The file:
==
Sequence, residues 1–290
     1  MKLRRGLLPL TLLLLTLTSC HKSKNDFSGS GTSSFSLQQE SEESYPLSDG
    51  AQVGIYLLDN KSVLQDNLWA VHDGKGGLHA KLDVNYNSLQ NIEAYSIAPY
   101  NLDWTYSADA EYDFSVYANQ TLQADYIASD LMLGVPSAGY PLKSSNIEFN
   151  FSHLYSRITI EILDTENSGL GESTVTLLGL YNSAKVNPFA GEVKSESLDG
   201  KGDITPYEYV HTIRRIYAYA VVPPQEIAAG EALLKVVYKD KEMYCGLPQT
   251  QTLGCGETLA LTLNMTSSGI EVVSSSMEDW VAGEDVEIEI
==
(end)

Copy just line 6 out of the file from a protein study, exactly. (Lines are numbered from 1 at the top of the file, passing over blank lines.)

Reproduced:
   201  KGDITPYEYV HTIRRIYAYA VVPPQEIAAG EALLKVVYKD KEMYCGLPQT